President Obama considers PAEs to be a drain on the economy, a view shared by many Silicon Valley companies. In a Feb. 14 speech he characterized them thus: "They're just trying to essentially leverage and hijack somebody else's idea and see if they can extort some money out of them ..."
The report, Patent Assertion and U.S. Innovation, published by the National Economic Council and the Council of Economic Advisers, takes the same position. It states that PAEs have "a negative impact on innovation and economic growth."
In support of that claim, the report cites a 2011 study that found PAEs gained $7.6 billion from 2000 through 2010 as a result of their activities, while defendant companies lost $87.6 billion in share value over the same period. "[T]he 90% of lost defendant share values that simply vanishes suggests considerable lost value to society from forgone technology transfer and commercialization of patented technology," the report says.
[ For an example of what the White House hopes to stop, see Apple Again Faces Mirror Worlds In Court. ]
The present patent system also creates an incentive for companies to spend money on patents as a defense against litigation rather than on research and development. As the report notes, Google spent more on patent acquisition in 2012 than it did on research and development in 2011. And the same was true for Apple in 2011.
Google, accused by many litigants of patent infringement, has been among the most vocal champions of patent reform. In April, the company filed comments with the U.S. Patent and Trademark Office (PTO) about how the quality of software patents can be improved.
The 2011 Leahy-Smith America Invents Act, which took effect in March, attempts to address patent quality issues. This week's White House initiative goes further.
The five executive actions include a PTO rule change that will require patent applicants and owners to provide accurate identity information -- the use of shell companies can conceal the parties involved. A complementary legislative recommendation would allow the PTO and courts to impose fines for non-compliance.
Other executive orders include a requirement that the PTO provide better training and resources with regard to software patents, resources for end users of technology hit with patent claims, more research and study of patent abuse, and better patent ruling enforcement coordination between the U.S. International Trade Commission (ITC) and Customs and Border Protection (CBP).
Beyond the disclosure of interested parties, the legislative proposals call a variety of actions, including: more court discretion in awarding fees, making it easier to get patents reviewed, limiting the legal liability of end users of patented products when a product maker gets sued, making injunction requirements more consistent with established precedent, incentivizing the public filing of patent claim demands, and ensuring that the ITC can hire qualified administrative judges.
Missing is any recognition that industries move at different speeds and that granting patent protection for 20 years might not be as appropriate for software as it is for pharmaceuticals, for example.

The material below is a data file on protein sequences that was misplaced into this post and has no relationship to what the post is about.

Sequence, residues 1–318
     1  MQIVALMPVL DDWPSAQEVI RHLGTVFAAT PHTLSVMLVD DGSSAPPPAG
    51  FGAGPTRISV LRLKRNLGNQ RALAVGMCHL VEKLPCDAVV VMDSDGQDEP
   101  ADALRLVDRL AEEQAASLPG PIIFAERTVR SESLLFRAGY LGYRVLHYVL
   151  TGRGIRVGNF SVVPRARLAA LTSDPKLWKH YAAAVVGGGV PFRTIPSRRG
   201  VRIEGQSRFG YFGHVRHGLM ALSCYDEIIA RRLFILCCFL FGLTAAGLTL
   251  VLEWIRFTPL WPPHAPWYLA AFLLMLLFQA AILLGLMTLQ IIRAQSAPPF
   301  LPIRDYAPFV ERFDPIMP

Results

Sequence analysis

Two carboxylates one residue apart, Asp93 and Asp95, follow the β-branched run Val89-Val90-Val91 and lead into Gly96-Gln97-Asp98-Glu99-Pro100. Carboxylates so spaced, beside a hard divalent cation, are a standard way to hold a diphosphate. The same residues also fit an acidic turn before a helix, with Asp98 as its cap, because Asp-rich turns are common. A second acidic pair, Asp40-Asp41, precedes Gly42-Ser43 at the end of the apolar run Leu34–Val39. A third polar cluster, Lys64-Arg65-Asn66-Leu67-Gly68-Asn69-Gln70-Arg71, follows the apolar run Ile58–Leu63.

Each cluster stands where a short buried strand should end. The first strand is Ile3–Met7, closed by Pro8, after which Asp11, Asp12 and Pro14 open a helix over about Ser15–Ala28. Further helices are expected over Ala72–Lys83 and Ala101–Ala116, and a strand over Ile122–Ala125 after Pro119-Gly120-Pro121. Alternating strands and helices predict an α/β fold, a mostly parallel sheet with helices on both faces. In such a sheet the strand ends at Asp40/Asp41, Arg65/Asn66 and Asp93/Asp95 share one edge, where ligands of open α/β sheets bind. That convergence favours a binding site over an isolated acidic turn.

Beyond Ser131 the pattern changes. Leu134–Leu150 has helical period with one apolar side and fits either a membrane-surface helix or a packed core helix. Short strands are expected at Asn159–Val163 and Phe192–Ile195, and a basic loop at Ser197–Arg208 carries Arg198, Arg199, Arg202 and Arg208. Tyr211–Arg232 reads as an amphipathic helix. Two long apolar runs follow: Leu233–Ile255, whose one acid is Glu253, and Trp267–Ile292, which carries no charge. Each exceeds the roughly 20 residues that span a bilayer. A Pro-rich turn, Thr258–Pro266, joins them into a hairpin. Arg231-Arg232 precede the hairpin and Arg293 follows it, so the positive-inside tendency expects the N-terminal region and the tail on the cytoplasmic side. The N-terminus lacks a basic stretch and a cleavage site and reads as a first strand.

In a post on the Patently-O blog, Dennis Crouch, associate professor at the University of Missouri School of Law, characterized the White House plan as a positive step. "Despite the unknowing hyperbole of the report, the suggested actions are, for the most, welcome and will benefit the patent system as a whole," he wrote. "In fact, this move to finally address the problem of predictability of patent scope and patent validity hits the sweet spot of where problems emerge in the system. Of course, the devil will be in the details of these approaches."
Eugene R. Quinn, Jr., a patent attorney with Zies, Widerman & Malek and founder of IP Watchdog, in an email dismissed the White House initiative as "much ado about nothing" and noted that the PTO began implementing a patent-owner identity requirement in November 2012.
Quinn also expressed concern about the requirement in pending legislation that would require losing parties to pay the victor's legal fees. "Silicon Valley wants the rule to benefit them without any detriment to them," he said. "They would prefer the rule only apply to non-practicing entities who bring patent litigation. If the rule applies across the board to address the abusive practices of the tech giants in Silicon Valley as well, that would be a positive development."
As for making the process of obtaining ITC injunctions conform with the criteria established in eBay Inc. v. MercExchange, Quinn warned that would be a huge mistake. "The Supreme Court's decision in eBay has lead to a significant erosion of patent rights. In fact, a victorious patentee who prevails in an infringement action may not get an injunction. The patent, however, is supposed to grant an exclusive right. Not being entitled to an injunction on a patent adjudicated valid where there is infringement is hardly in keeping with the exclusive nature of what a patent is supposed to be."
Indeed, the exclusive right that a patent grants might be less exclusive in the future. As Crouch noted about the liability protection being called for by the White House, "We are on our way here toward a fair use of patents."